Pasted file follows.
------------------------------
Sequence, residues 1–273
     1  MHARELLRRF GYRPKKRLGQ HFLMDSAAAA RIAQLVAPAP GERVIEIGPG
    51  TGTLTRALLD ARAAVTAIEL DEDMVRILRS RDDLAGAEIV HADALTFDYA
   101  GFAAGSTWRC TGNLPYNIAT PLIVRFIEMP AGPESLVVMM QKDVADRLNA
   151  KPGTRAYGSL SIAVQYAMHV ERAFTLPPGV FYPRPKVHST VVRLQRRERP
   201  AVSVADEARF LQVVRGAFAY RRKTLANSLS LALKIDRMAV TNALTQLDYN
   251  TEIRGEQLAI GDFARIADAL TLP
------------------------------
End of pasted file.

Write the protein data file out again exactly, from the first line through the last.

Sequence, residues 1–273
     1  MHARELLRRF GYRPKKRLGQ HFLMDSAAAA RIAQLVAPAP GERVIEIGPG
    51  TGTLTRALLD ARAAVTAIEL DEDMVRILRS RDDLAGAEIV HADALTFDYA
   101  GFAAGSTWRC TGNLPYNIAT PLIVRFIEMP AGPESLVVMM QKDVADRLNA
   151  KPGTRAYGSL SIAVQYAMHV ERAFTLPPGV FYPRPKVHST VVRLQRRERP
   201  AVSVADEARF LQVVRGAFAY RRKTLANSLS LALKIDRMAV TNALTQLDYN
   251  TEIRGEQLAI GDFARIADAL TLP